A rendering of Cornerstone University’s renovated professional and graduate studies building. Courtesy Cornerstone University
Cornerstone University’s building for professional and graduate studies is getting a $4-million makeover.
The private Christian university’s plan to completely gut, renovate and extend the outdated building will begin this summer — with hopes of completion by February 2014, said Robert Simpson, Cornerstone associate provost.
The building currently houses 10 of the 40 PGS program staff members spread across campus.
“We have experienced healthy growth in our PGS programs, especially in Grand Rapids,” said Cornerstone Provost Rick Ostrander. “We want to create a facility here in Grand Rapids that is conducive to academic excellence and that provides our students with the convenience of having all academic and student services consolidated in one building.”
Funds for the project come from PGS revenue that's been put aside for the past couple of years, Simpson said, as well as from partnerships with companies and individuals. He hopes to have the building paid off by the time the move is made.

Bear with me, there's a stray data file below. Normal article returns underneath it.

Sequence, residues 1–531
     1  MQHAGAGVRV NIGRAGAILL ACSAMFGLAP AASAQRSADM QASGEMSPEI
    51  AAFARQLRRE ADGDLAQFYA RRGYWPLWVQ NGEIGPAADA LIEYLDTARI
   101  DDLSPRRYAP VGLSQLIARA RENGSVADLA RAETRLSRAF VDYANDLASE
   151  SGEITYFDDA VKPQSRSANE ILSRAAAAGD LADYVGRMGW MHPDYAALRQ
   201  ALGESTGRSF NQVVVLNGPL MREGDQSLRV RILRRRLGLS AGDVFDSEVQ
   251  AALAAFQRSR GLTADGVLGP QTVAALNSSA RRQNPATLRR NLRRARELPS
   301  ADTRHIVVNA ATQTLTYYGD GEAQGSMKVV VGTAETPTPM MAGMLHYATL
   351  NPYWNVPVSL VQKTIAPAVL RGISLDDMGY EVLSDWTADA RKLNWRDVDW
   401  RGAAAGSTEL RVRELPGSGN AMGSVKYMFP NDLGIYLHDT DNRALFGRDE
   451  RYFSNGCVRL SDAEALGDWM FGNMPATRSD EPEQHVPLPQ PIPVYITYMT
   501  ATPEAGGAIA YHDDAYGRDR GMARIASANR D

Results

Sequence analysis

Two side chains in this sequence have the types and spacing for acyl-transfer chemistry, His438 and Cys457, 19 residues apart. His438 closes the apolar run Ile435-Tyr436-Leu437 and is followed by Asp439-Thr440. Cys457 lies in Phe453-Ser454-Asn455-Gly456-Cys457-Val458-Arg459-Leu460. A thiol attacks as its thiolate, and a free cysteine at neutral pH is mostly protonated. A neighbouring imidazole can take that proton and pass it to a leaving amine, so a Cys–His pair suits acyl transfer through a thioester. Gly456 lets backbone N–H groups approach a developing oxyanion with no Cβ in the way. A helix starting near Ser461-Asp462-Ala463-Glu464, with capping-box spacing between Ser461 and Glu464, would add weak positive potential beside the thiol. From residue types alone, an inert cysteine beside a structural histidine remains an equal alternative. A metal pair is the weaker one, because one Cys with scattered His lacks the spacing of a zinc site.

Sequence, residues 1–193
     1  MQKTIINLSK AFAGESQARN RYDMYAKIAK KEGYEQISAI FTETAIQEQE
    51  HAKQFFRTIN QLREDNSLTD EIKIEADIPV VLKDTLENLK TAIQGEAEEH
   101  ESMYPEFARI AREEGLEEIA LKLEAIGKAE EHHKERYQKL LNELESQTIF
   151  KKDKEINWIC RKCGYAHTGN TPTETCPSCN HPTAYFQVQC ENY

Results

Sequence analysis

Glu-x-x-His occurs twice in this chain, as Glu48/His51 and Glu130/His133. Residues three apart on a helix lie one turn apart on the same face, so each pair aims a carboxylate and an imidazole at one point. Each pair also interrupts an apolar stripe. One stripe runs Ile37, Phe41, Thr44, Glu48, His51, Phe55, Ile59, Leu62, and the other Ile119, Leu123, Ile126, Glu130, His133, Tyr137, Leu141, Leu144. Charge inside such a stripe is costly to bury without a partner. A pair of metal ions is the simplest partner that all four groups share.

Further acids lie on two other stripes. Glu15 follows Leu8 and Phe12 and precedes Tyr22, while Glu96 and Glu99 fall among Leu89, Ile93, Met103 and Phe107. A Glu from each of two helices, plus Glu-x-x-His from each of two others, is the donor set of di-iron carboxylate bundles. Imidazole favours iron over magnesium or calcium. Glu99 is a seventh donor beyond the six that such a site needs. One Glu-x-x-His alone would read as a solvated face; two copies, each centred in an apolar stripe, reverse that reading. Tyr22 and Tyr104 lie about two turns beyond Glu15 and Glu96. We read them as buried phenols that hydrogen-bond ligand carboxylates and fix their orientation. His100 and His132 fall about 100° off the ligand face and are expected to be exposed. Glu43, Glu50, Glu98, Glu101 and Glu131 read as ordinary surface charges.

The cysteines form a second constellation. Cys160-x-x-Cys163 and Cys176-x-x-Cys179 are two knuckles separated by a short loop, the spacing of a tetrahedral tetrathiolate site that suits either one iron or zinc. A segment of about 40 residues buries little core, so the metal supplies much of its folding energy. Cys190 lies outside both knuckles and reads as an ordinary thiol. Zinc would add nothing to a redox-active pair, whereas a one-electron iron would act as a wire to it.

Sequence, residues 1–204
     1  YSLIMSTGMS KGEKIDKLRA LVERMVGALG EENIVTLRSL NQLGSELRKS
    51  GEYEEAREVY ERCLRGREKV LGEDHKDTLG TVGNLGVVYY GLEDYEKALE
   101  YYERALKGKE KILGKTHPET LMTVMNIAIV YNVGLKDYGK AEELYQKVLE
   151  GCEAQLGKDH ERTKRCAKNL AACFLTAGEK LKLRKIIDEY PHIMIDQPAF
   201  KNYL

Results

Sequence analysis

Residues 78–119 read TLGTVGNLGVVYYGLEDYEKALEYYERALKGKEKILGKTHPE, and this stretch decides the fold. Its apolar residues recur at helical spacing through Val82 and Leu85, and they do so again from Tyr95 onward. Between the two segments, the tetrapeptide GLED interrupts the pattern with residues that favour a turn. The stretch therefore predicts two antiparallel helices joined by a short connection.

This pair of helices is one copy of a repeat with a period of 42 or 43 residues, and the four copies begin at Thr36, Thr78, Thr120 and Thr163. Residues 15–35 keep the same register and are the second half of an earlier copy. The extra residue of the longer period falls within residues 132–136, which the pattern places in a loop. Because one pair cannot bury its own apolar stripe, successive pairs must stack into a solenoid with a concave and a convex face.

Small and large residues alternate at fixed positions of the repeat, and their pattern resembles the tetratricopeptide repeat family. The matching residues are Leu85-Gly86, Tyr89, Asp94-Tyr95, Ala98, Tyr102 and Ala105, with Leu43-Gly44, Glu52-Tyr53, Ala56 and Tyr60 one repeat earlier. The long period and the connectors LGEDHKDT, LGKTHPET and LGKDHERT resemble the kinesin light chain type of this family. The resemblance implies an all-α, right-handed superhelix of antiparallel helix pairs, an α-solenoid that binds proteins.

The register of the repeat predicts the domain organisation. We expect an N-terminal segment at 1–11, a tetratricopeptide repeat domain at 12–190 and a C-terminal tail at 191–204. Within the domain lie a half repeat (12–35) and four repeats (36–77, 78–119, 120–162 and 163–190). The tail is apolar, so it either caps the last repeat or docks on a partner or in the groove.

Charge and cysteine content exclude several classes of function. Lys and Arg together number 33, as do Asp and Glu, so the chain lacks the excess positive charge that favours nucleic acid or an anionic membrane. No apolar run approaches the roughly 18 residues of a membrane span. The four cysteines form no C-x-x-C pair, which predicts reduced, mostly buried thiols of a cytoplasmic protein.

Simpson, who is managing the project, said the 18,000 square foot, three-story building at 300 East Beltline Ave. NE will be extended to about 22,000 square feet, making room for seven additional classrooms, work space, a reception area and a new staircase.
Simpson said the need for such a major renovation comes from Cornerstone’s growing student body. About 350 to 400 students graduate out of the PGS program every year, he said, and the size of the program has doubled in the past eight years.
The change will put the PGS teams in one place, he said, making a more efficient overall program that could generate even more job growth.
“We will see job growth as the program grows,” he said. “The move into this renovated building won’t create it, but will foster program growth, which will.”
The new look also will lend a more professional and corporate space to members of the business community, many of whom serve as the program’s 200 adjunct faculty, Simpson said.
“It’s important, because the university is growing and in the market I deal with . . . we’re the ones that really deal with the professionals. We’re the corporate face to the community,” he said. “Now, we give the look that the university is growing and raising its image in the community to feel more mainstream.”